November 20, 2012 —
Andy Boyar said he was pretty well prepared for Hurricane Sandy, but even so, there are always more things that a person can learn when the remnants of a hurricane blow through and knock out power for an extended period of time.
Boyar, who is the supervisor of the Town of Highland, said at the town meeting on November 13, communication is key. He said, “As you can see from the heartache continuing on Long Island, Staten Island and New Jersey, you realize that the most important thing in an event such as this is communication.
"People on Long Island are frustrated because they are not getting any information. When people don’t know what they’re up against they get very stressed and anxious. Even bad news, definitive bad news, is better than no news at all. If you tell people ‘power will be back December 1st,’ that’s better than no news. In Highland, we did a much better job of communicating than in the past. As far as I know, every call made to the town hall or to town officials was returned, and we followed up as far as practical.”
Another thing he learned is to advocate for his residents early. He said, “In many instances, we were the first to reach out to the power companies, and we were sort of first in line,” when it came to passing out the dry ice. He said that did not make Highland popular with some of the other towns, but it served the Highland residents well.
Because the town hall had a generator, the building was able to remain open, and people could stop by for information. A couple of people slept there but, if it were a larger emergency, more cots would be needed. He also said when the lights first went out no one knew if there would be enough fuel for the generator for eight hours or for four days, and that information would be valuable in future events.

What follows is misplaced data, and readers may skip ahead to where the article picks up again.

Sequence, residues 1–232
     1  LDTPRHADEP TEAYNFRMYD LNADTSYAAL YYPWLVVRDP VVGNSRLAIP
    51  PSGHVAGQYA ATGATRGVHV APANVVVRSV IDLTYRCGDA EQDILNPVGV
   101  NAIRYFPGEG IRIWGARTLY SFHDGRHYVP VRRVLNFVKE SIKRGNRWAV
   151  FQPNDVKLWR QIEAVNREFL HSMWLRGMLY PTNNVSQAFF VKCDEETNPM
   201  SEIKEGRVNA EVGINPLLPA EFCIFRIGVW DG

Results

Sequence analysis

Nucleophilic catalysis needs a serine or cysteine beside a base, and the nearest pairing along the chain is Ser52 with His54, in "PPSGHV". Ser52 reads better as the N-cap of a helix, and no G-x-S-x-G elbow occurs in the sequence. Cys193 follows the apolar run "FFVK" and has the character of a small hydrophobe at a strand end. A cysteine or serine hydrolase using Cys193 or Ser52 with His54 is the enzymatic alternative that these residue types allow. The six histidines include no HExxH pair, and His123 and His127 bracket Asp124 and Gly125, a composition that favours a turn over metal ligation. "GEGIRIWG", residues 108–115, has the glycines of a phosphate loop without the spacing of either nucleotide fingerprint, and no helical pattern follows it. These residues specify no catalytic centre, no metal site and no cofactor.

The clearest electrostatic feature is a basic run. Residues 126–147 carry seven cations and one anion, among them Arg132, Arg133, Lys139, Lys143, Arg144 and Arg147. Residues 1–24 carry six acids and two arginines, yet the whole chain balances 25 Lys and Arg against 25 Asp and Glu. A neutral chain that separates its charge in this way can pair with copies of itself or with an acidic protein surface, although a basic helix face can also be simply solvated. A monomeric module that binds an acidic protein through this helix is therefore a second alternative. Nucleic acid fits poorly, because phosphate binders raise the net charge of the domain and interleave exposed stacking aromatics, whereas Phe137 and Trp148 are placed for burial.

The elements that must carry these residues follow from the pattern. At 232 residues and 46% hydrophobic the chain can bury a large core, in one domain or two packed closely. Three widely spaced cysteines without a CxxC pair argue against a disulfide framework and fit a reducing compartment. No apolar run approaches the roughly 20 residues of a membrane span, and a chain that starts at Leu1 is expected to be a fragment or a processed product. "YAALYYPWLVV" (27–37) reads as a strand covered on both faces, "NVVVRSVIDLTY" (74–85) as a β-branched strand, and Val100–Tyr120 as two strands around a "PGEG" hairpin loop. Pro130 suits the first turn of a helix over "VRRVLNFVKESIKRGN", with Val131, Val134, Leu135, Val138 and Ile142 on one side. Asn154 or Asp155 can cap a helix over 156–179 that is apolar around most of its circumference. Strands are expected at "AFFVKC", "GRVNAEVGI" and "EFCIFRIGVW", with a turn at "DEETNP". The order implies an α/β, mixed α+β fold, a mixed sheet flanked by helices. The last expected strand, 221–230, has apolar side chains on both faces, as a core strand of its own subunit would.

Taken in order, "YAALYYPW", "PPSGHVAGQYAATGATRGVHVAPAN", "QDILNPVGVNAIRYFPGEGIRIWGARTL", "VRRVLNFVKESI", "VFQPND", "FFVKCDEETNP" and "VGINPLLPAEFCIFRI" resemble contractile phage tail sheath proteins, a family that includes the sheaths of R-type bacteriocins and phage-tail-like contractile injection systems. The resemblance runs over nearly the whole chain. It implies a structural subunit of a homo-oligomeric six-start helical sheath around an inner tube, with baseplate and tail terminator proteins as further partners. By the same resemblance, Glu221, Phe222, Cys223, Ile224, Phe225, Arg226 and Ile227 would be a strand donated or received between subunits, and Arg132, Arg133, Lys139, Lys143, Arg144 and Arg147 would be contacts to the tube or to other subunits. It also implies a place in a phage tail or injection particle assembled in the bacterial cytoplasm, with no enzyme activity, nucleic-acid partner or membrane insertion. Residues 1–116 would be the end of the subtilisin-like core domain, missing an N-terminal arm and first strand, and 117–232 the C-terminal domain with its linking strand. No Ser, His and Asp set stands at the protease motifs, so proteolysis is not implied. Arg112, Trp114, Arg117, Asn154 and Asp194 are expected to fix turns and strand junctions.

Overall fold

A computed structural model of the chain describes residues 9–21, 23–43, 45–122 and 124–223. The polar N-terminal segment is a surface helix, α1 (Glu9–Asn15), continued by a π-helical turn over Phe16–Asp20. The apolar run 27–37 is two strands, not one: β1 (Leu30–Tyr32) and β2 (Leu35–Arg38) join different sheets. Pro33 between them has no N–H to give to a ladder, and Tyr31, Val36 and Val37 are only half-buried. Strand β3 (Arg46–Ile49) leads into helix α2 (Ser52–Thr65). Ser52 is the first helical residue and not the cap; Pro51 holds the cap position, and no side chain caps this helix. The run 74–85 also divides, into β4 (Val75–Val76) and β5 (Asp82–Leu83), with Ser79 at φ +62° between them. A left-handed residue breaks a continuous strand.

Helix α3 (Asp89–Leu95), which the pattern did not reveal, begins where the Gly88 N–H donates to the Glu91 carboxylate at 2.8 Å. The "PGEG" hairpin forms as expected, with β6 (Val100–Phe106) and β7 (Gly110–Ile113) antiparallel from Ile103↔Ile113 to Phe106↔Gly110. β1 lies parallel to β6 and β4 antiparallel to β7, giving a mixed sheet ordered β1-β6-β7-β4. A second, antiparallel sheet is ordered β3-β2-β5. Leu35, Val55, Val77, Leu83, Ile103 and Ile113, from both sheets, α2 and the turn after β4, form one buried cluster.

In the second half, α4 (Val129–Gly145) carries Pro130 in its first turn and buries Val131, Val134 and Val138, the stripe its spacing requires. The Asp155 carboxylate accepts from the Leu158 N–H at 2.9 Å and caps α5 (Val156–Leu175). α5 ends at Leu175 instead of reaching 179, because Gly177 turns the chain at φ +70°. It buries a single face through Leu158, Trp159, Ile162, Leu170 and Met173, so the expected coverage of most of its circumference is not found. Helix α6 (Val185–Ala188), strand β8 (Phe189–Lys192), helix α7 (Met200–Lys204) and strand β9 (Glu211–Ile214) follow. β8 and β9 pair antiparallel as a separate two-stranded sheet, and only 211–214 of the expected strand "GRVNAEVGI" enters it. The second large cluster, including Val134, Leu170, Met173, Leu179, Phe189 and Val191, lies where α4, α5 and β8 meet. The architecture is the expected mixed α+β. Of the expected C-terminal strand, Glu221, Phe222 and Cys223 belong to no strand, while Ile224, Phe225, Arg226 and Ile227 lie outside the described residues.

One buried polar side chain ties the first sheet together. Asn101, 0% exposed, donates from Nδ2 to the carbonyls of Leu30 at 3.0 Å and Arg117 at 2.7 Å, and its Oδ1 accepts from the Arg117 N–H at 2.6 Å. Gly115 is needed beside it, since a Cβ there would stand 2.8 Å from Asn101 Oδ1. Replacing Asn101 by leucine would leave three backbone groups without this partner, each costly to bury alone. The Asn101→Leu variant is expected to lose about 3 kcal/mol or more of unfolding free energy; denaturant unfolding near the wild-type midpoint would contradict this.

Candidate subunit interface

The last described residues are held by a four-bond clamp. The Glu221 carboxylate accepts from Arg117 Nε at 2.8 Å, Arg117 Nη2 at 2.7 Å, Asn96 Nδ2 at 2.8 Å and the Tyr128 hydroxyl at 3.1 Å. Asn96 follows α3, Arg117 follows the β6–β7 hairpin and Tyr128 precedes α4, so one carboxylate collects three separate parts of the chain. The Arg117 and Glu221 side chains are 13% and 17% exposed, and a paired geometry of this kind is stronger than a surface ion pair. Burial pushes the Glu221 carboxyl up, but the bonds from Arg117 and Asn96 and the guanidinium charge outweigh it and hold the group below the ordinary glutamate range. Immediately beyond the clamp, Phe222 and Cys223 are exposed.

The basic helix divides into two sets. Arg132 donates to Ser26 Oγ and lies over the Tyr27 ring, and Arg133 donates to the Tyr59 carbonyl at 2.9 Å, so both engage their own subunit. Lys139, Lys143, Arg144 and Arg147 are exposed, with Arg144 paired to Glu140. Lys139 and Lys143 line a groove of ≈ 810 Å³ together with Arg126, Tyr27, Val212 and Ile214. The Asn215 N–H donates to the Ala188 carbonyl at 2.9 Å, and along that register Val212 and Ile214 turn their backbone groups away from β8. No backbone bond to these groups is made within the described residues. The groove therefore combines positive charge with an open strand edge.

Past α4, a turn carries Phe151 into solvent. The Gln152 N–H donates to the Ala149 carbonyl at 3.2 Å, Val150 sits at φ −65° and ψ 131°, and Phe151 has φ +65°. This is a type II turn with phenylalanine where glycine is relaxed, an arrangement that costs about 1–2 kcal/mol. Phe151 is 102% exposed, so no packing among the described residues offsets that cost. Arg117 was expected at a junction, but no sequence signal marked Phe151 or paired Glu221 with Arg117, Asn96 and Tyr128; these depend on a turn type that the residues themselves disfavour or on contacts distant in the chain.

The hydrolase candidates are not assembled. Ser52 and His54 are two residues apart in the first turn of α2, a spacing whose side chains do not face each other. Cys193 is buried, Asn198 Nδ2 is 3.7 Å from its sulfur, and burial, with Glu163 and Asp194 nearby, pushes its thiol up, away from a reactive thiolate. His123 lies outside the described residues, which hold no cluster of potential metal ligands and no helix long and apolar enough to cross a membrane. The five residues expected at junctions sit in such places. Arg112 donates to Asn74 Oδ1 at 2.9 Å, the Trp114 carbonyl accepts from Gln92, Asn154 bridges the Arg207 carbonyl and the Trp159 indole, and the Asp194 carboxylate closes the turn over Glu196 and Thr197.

In Eldred, the American Legion Ambulance Service building served as a warming and charging station and offered showers and hot meals. Pat Friedrich, the captain of the ambulance corps, said the building was open for 168 hours straight. She said, “We did over 200 showers and we fed over 500 people. We had help from people who just showed up to volunteer. We filled oxygen tanks for residents who had no power and their delivery people couldn’t get them tanks. So our highway guys went, picked them up, we refilled them.”
She said, “We kept somebody’s fish alive, they brought their whole fish tank to us, and the fish survived. All these things are important. The fire department, the highway department, town officials and residents all worked together.”